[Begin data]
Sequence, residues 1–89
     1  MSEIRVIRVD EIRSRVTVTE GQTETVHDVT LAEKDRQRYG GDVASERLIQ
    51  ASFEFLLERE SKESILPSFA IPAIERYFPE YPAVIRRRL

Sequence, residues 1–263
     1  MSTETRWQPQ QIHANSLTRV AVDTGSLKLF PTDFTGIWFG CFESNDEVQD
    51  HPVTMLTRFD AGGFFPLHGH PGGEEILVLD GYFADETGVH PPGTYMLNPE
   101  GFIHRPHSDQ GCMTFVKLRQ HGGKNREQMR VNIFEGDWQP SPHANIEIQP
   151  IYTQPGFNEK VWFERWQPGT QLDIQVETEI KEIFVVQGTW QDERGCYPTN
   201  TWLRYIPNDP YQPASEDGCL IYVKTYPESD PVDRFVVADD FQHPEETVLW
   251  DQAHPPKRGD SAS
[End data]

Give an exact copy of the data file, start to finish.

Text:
Sequence, residues 1–89
     1  MSEIRVIRVD EIRSRVTVTE GQTETVHDVT LAEKDRQRYG GDVASERLIQ
    51  ASFEFLLERE SKESILPSFA IPAIERYFPE YPAVIRRRL

Sequence, residues 1–263
     1  MSTETRWQPQ QIHANSLTRV AVDTGSLKLF PTDFTGIWFG CFESNDEVQD
    51  HPVTMLTRFD AGGFFPLHGH PGGEEILVLD GYFADETGVH PPGTYMLNPE
   101  GFIHRPHSDQ GCMTFVKLRQ HGGKNREQMR VNIFEGDWQP SPHANIEIQP
   151  IYTQPGFNEK VWFERWQPGT QLDIQVETEI KEIFVVQGTW QDERGCYPTN
   201  TWLRYIPNDP YQPASEDGCL IYVKTYPESD PVDRFVVADD FQHPEETVLW
   251  DQAHPPKRGD SAS